Prime Advantage Blog

Looking Back on 2015 in Manufacturing

Joe Ptak on Dec 1, 2015 6:30:00 AM

120115_ImageWhere did 2015 go? It feels like it was just yesterday I was washing down a cocktail weenie with cheap champagne on New Year’s Eve. Oh well, as with any year winding down, it’s advisable to take inventory and reflect on just how successful of a campaign it really was. It’s also a perfect time to take a look at what we got right and what we got wrong. Nowhere is this truer than in the world of manufacturing, where pondering on the previous year will help shape forecasts and ensure your company is ready for what lies ahead. And when it comes to predictions, Software AG appears to have gotten many right in its 10 Supply Chain and Manufacturing Predictions for 2015.


Here are a few they really nailed:

The Internet of Things (IoT) will enable extreme industrial innovation. IoT dominated the headlines in 2015 as everyone scrambled to connect anything that could be connected. The more your manufacturing entities are communicating, the more likely you’ll find yourself in good conversation.

Re-shoring will continue but supply chains will remain global, large and complex. Many manufacturers brought production back to the U.S. in 2015 as uncertainty and labor costs in China rose. However, this hasn’t stopped companies across the nation from global expansion in their supply chain.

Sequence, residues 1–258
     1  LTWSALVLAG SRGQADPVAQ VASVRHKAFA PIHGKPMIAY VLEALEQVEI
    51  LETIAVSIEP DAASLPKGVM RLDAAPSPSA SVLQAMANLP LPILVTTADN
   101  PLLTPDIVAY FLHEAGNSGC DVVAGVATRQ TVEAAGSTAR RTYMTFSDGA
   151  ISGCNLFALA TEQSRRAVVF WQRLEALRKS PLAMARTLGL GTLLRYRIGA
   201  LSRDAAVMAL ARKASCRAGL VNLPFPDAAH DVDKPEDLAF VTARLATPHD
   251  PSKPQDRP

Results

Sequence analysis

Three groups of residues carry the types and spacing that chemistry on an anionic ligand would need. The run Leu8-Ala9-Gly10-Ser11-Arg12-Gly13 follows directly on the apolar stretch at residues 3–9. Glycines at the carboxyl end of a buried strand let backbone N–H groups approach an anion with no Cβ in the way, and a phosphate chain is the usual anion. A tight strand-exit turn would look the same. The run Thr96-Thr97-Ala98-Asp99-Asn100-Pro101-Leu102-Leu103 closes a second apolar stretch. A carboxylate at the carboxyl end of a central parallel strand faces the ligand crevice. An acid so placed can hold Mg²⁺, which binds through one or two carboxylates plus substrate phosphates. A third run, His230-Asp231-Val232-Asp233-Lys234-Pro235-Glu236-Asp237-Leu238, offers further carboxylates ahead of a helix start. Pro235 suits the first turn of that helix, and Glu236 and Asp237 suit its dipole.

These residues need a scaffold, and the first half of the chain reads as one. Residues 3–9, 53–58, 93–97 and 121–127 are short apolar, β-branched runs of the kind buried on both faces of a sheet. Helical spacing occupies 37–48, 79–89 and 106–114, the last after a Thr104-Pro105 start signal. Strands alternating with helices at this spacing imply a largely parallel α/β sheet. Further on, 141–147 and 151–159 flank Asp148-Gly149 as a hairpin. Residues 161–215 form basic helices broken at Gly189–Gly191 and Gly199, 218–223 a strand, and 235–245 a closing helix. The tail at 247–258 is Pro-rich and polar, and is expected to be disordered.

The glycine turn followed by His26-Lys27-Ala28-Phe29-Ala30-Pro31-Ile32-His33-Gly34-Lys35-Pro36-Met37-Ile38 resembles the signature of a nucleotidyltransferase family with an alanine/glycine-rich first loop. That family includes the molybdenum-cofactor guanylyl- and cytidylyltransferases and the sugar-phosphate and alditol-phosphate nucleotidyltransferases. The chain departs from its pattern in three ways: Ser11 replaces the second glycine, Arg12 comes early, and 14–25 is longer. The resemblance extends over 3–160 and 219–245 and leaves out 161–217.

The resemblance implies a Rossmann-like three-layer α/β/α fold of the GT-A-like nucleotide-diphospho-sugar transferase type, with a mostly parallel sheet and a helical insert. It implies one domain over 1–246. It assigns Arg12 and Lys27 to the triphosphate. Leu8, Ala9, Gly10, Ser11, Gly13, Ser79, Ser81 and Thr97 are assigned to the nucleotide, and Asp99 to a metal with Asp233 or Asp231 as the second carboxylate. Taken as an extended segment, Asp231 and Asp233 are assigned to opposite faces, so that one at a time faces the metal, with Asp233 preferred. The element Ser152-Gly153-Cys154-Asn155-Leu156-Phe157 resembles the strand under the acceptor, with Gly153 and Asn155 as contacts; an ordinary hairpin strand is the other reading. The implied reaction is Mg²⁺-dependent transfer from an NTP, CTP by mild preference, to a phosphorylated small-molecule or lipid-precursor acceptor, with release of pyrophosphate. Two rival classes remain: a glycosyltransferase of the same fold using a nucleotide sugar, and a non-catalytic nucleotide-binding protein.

3D printing will become central to manufacturing strategy. Additive manufacturing is no longer a novel concept; it has become a vital means of nimble production for many businesses. Soon the term “additive manufacturing” will no longer exist; it will just be called “manufacturing” as we know it.

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Download the 2015 Purchasing and Manufacturing Survey from Prime Advantage

Topics: Manufacturing, Analytics and Technology

Joe Ptak

Posted by Joe Ptak

Joe Ptak is the Manager of Marketing Communications for Prime Advantage. Joe is a perception engineer who contemplates the meaning of life every time he stares at a spreadsheet for too long and has never, Ever, taken an elevator to the 2nd floor.

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